After the abrogation of Article 370 in August 2019, one can hardly imagine cartoons in the Valley’s newspapers, Naqshbandi added.

No Shortage Of Material 

Of 171 newspapers & magazines registered with the department of information and public relations in Kashmir, only a handful publish cartoons, after much circumspection and efforts at  balance. 

It’s not for lack of material.

A five-month long military clampdown after the abrogation of Article 370, followed by the Coronavirus lockdown in March 2020,  ensured there was no shortage of topics for political cartoonists documenting the humanitarian fallout of Kashmir’s unrest. 

But rising censorship and tightening media curbs, forced cartoonists to tone down their work.

Rafia Rasool, 35, the only female cartoonist working with Urdu daily Aftab, said that since the 2016 killing of Wani, she has had less breathing space.

“Instead of facing any trouble tomorrow I prefer to draw the cartoons which will be digested in the outer world,” said Rasool who has been working with Aftab since 2012. “These days I mostly draw non-political cartoons ranging from environmental concerns to social issues.”


Requesting anonymity, some cartoonists quoted the example of artist Mudasir Gul, whom police in Srinagar detained for three days in May 2021 for drawing a mural on Palestine. Gul had spray painted ‘We Are Palestine’ on a bridge.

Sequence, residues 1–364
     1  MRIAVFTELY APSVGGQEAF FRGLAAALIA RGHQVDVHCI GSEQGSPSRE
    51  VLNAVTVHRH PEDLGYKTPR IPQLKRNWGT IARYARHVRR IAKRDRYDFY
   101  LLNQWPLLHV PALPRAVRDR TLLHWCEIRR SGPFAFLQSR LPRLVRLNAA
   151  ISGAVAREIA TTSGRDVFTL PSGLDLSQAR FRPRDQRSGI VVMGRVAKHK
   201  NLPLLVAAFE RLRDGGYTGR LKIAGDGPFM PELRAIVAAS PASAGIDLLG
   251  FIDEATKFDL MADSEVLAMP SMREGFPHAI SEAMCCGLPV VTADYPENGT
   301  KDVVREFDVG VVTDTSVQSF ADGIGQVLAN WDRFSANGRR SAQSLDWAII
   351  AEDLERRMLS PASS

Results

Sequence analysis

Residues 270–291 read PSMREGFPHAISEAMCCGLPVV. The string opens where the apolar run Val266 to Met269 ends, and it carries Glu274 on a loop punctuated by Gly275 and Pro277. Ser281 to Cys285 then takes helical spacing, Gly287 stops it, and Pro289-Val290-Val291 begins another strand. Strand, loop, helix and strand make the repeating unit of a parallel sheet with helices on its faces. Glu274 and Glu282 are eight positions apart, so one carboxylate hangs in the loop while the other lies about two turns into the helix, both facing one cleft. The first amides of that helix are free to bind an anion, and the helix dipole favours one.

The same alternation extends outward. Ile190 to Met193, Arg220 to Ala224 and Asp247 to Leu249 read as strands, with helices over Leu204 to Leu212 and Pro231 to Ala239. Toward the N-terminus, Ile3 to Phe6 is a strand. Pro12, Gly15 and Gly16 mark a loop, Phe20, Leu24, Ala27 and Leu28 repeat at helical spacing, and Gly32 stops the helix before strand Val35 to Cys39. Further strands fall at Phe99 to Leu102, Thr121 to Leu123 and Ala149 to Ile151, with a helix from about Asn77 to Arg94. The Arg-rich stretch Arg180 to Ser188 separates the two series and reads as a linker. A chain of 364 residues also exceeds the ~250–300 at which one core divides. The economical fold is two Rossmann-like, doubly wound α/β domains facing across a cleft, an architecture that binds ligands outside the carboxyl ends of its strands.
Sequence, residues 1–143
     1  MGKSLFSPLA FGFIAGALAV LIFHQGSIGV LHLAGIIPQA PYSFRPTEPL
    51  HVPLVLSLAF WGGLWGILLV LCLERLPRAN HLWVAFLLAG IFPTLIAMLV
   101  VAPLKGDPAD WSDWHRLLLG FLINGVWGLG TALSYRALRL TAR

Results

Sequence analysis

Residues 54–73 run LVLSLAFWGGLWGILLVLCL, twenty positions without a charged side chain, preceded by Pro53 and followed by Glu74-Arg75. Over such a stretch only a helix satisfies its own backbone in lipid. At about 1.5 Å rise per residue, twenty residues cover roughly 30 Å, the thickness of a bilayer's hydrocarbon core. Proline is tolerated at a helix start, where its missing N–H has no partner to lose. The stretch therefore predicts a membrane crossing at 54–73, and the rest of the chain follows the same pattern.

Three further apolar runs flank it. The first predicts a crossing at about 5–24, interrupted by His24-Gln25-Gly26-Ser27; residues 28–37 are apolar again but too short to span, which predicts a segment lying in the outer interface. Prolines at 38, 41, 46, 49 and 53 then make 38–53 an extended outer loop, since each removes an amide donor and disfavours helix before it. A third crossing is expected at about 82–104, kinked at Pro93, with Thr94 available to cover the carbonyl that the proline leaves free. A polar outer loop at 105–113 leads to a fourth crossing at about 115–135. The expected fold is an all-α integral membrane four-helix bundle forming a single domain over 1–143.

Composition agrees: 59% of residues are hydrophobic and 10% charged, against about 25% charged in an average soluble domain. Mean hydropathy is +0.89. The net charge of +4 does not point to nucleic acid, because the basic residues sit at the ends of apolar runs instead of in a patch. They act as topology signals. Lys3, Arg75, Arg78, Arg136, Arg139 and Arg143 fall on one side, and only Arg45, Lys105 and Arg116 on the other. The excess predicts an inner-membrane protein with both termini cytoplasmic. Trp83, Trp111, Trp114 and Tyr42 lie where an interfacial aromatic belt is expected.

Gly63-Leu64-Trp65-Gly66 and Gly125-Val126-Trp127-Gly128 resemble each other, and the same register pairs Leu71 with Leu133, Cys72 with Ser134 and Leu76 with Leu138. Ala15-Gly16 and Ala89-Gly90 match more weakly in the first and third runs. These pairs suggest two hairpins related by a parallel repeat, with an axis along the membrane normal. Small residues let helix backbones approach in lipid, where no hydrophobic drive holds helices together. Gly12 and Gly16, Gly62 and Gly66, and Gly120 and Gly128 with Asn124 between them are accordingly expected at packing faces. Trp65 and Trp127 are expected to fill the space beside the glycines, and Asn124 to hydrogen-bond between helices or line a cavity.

After an image of his art went viral on social media, he was accused of violating curfew under section 51 of the National Disaster Management Act,  2005. 

Unlike Rasool, S Tariq, a cartoonist for The Kashmir Images newspaper for 12 years, argued his cartoons have never been censored but that’s because he knows what’s expected of him.


“I know my limits very well and from time to time I adjust my work with the situation which is why today I am here,” he said. “When there is a change in politics, situation and journalism, one has to adjust accordingly.” 

Referring to J&K’s new media policy released in June 2020, Tariq said the 53-page document was aimed at further choking the functioning of the press in the valley.


Earlier, Tariq who is based in south Kashmir worked with the Alsafa, a widely-circulated Urdu daily banned  in 2010. Its Srinagar office was sealed for carrying a picture of Congress president Sonia Gandhi and the then party’s state unit chief Saifuddin Soz with a “derogatory caption”.